Art-World Heroes: Starting in the '60s, quirky collectors Herb and Dorothy Vogel amassed a dazzling collection of modern minimalist art.
Art-World Heroes: Starting in the '60s, quirky collectors Herb and Dorothy Vogel amassed a dazzling collection of modern minimalist art. Arthouse Films
Herb and Dorothy
- Director: Megumi Sasaki
- Genre: Documentary
- Running time: 87 minutes
Minimalist Taste, Maximal Clutter: The Vogels, who were devoted early patrons of now-famous artists, acquired more than 4,700 works.
Minimalist Taste, Maximal Clutter: The Vogels, who were devoted early patrons of now-famous artists, acquired more than 4,700 works. Arthouse Films
Herb and Dorothy Vogel are perhaps the world's least likely art collectors, a retired postal worker and a retired librarian with one of the world's great collections of conceptual art —and with a story that proves briskly and engagingly cinematic in Megumi Sasaki's documentary Herb and Dorothy.
The couple began frequenting New York galleries and art studios in the early '60s; they'd pose questions about work they didn't understand, educating themselves and befriending such then-struggling unknowns as Jeff Koons, Sol Lewitt, Robert Mangold and Chuck Close.
And everywhere they went, they bought art. Their budget was strictly limited — they lived on Dorothy's salary, while devoting Herb's to purchasing paintings — but by showing up with cash in hand, and by showing feverish interest in the new and the unconventional, they managed to ingratiate themselves with the minimalist artists of the day.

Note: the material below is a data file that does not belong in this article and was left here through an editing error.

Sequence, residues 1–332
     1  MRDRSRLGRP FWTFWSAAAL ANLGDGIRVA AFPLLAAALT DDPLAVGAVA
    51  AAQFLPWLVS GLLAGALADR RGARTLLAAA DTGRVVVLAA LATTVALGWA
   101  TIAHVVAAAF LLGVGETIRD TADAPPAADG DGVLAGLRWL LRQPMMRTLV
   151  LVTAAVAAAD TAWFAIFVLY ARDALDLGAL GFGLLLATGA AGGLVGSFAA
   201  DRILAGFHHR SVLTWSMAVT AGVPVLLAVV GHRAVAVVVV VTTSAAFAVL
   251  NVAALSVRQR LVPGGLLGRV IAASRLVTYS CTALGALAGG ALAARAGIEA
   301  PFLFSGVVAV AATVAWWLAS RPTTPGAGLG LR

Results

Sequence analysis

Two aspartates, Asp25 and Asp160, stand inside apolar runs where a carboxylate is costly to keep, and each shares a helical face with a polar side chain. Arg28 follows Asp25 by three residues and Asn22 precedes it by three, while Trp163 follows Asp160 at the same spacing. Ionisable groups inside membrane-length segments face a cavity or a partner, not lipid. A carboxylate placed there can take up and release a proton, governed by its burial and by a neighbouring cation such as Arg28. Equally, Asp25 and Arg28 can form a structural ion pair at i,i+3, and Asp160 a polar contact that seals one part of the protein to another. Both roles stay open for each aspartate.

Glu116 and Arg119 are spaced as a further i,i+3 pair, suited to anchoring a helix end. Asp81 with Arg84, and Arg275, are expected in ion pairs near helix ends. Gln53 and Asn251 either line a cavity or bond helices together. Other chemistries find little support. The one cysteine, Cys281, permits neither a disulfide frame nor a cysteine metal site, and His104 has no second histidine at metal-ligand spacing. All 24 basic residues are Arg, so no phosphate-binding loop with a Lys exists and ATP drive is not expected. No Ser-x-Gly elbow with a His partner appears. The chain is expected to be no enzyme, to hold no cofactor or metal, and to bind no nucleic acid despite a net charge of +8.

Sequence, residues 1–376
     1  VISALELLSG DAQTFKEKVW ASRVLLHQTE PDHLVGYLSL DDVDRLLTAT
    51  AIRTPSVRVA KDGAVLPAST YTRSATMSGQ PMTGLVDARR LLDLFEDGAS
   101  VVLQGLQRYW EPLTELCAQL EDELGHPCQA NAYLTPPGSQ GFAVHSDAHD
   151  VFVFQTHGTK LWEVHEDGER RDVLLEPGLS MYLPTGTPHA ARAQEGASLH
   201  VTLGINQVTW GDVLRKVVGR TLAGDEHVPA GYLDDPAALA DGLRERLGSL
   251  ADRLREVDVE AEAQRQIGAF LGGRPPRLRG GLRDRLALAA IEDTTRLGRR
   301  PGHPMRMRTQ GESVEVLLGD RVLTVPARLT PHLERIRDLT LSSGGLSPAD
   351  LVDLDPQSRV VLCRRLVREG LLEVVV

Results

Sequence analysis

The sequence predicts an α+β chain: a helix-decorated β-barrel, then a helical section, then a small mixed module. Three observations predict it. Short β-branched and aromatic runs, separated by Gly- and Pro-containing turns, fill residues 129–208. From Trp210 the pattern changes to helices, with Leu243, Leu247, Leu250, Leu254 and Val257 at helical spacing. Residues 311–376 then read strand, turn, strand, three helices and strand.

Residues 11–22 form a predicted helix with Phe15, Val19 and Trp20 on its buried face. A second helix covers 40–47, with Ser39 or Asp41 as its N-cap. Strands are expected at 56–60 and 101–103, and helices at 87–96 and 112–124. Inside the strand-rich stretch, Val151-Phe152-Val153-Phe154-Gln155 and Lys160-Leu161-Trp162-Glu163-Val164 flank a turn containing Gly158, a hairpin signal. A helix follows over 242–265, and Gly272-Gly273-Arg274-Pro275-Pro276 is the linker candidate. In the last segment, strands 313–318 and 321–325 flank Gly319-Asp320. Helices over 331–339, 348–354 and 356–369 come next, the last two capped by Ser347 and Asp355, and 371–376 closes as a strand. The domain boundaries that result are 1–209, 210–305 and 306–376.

Minimalism, in fact, was all they could afford. But they went maximal with the minimal, picking up early experimental work for a song; later, they'd buy more mature work at a discount as the artists they'd helped through lean times became more established.
Over time, the Vogels became mascots of the New York art world, amassing in their tiny rent-controlled apartment a collection that traced the entire development of the minimalist movement — and of the artists who created it, many of whom would become enormously famous and influential.
Lining the walls of the apartment they shared with Herb's fish, turtles and cats, and stacked on shelves and under the bed, the artworks accumulated until the Vogel collection was indisputably one of the world's most impressive. So much so that museums began vying to acquire it.
Filmmaker Megumi Sasaki started documenting the Vogels just as they were considering what to do with all the art they'd amassed. Curator Jack Cowart remembers being startled at just how much the couple had stashed away: When he offered to bring their collection to Washington's National Gallery of Art to catalog it, it took five 40-foot tractor-trailers to haul it. (Doing justice to the collection and its scope on film requires sophisticated graphics and a good deal of ingenuity, and happily, director Sasaki possesses both.)
Some 4,700 pieces of art left the apartment, headed for Washington — and then the Vogels started filling the newly emptied space again.
They're still doing so, compulsive in a way that Herb and Dorothy depicts as at once crazy, smart, generous and enormously endearing.